There may soon be more than birds and aeroplanes to spot if online retailer and tech company Amazon gets its way. The use of drones has been on the cards for years but now that the multinational company has finally made a safe version. Or so it believes.
A report on youtalkinsurance.com says that the company announced its ambitions at a conference in Las Vegas with its executive Jeff Wilke declaring its drones now to be ‘independently safe’. He explained that the drones will react to the unexpected, saying: “If our drone’s flight environment changes, or the drone’s mission commands it to come into contact with an object that wasn’t there previously, it will refuse to do so – it is independently safe”.
According to youtalkinsurance.com’s report the company has already won over the US Federal Aviation Administration and that it’s now allowed to operate the drones in America. It’s unclear where the initial trials will take place, but these drones will be able to travel fair distances (about 15 miles and can carry packages of around 5lbs) out of the sight of the operator.
Having a company of Amazon’s size filling our airspaces with drones will undoubtedly create opportunities as well as challenges for the insurance industry. It will have to conduct its own risk analysis on how reactive these robots really are to ‘changes in the environment.’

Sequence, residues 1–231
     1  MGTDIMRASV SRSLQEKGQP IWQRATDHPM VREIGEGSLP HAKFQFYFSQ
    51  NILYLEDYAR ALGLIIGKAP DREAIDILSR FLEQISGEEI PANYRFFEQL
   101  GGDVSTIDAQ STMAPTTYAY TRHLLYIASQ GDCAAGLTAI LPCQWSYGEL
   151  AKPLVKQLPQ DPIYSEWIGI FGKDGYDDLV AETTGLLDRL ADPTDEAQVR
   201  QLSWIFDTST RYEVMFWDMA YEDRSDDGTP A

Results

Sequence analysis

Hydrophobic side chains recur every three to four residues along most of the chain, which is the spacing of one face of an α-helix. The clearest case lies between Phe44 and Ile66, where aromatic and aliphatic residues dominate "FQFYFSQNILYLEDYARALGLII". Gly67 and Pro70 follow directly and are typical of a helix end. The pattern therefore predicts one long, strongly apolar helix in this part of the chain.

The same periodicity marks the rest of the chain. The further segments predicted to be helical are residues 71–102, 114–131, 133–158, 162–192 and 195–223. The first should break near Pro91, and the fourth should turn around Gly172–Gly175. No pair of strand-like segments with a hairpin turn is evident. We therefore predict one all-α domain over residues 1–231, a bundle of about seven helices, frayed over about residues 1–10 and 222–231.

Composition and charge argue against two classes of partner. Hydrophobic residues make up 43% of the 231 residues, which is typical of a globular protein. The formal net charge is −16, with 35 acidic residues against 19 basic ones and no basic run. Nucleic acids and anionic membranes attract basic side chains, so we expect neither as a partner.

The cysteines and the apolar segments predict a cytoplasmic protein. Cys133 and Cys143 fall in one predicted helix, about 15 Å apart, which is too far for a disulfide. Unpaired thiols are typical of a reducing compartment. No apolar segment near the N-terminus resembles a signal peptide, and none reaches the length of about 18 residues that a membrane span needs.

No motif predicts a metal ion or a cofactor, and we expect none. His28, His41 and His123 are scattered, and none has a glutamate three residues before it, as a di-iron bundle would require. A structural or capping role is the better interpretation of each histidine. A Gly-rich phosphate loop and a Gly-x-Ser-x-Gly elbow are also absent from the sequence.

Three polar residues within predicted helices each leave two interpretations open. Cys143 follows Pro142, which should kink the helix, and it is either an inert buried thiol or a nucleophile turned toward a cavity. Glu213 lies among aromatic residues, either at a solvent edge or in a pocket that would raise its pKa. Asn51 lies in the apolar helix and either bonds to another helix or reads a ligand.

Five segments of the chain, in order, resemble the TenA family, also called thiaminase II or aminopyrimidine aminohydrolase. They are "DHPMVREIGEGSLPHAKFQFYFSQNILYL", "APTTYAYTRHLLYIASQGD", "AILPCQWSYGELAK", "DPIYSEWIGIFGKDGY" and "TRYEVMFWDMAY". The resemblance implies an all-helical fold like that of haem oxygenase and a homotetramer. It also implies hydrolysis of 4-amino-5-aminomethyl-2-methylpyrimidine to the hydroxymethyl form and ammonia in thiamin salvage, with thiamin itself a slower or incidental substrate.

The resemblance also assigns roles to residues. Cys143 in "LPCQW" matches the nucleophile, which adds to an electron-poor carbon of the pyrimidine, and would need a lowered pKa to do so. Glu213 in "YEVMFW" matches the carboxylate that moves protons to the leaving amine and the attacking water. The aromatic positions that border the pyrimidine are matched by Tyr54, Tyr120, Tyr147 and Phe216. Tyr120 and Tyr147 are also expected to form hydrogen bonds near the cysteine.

Will they be able to dodge birds? Change flight patterns when the weather changes into a storm?
Will it get out of the way of humans operating their own drones? Flying drones in the UK has become a bit more difficult now that users must sit an online test and pay a £9 annual fee. But these hoops combined are not going to deter most enthusiasts. With commercial drones entering our skies – will this not create overcrowding in our airspace?
And how can operators ensure that they won’t suddenly lose power and crash land onto buildings or, worse, into people or animals and causing injury or perhaps death?
While Amazon appear to be confident about their technology and drones there’s always the potential for things to go wrong. Will Amazon be able to get public liability cover for its fleet of drones or will it have to self-insure? And if something were to happen, would Amazon ever be able to recover its reputation?
On the flipside, of course, insurers will have the opportunity to cover an entire fleet of drones that Amazon are bound to operate. Amazon delivers billions of packages every year, so these flying robots are going to be busy. Will they be able to have the stamina for such work?
Amazon won’t be the first or the last company to make use of drones. According to the Wall Street Journal, Alphabet Inc.’s Wing and Uber Technologies Inc. are also starting trials with drone delivery. So not only will we have our gadgets and books delivered by drones but possibly our food and medicines as well.
There’s no doubt that drones will provide companies with a very efficient way to deliver products right to our door. But drones have proven to be a hazard as passengers of Gatwick airport can attest.
While Amazon may have made a lot of progress in the US, we’re sure that the UK public as well as insurers and brokers may need more convincing that this is a good idea for British skies.